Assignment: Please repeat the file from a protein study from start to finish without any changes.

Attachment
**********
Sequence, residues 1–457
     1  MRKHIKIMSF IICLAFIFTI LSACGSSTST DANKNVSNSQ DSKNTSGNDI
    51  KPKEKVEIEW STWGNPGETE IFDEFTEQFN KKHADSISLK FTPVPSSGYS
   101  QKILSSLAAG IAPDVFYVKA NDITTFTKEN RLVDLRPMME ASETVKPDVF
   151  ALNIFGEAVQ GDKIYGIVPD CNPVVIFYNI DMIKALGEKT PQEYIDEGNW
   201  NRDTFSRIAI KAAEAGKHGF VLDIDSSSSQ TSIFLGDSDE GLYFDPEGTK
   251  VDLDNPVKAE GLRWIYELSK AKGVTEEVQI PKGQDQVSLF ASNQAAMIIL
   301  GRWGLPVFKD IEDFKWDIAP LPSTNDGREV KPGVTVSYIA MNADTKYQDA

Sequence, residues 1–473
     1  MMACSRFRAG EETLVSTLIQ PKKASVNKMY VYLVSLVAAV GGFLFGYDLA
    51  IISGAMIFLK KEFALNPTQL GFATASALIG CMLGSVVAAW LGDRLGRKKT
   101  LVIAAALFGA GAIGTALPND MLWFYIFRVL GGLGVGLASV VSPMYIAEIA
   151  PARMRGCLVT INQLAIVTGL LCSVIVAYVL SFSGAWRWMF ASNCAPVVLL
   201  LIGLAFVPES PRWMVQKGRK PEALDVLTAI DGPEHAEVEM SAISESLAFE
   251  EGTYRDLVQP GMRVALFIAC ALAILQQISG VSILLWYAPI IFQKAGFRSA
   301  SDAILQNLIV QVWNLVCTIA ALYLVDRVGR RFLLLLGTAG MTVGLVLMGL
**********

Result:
Sequence, residues 1–457
     1  MRKHIKIMSF IICLAFIFTI LSACGSSTST DANKNVSNSQ DSKNTSGNDI
    51  KPKEKVEIEW STWGNPGETE IFDEFTEQFN KKHADSISLK FTPVPSSGYS
   101  QKILSSLAAG IAPDVFYVKA NDITTFTKEN RLVDLRPMME ASETVKPDVF
   151  ALNIFGEAVQ GDKIYGIVPD CNPVVIFYNI DMIKALGEKT PQEYIDEGNW
   201  NRDTFSRIAI KAAEAGKHGF VLDIDSSSSQ TSIFLGDSDE GLYFDPEGTK
   251  VDLDNPVKAE GLRWIYELSK AKGVTEEVQI PKGQDQVSLF ASNQAAMIIL
   301  GRWGLPVFKD IEDFKWDIAP LPSTNDGREV KPGVTVSYIA MNADTKYQDA

Sequence, residues 1–473
     1  MMACSRFRAG EETLVSTLIQ PKKASVNKMY VYLVSLVAAV GGFLFGYDLA
    51  IISGAMIFLK KEFALNPTQL GFATASALIG CMLGSVVAAW LGDRLGRKKT
   101  LVIAAALFGA GAIGTALPND MLWFYIFRVL GGLGVGLASV VSPMYIAEIA
   151  PARMRGCLVT INQLAIVTGL LCSVIVAYVL SFSGAWRWMF ASNCAPVVLL
   201  LIGLAFVPES PRWMVQKGRK PEALDVLTAI DGPEHAEVEM SAISESLAFE
   251  EGTYRDLVQP GMRVALFIAC ALAILQQISG VSILLWYAPI IFQKAGFRSA
   301  SDAILQNLIV QVWNLVCTIA ALYLVDRVGR RFLLLLGTAG MTVGLVLMGL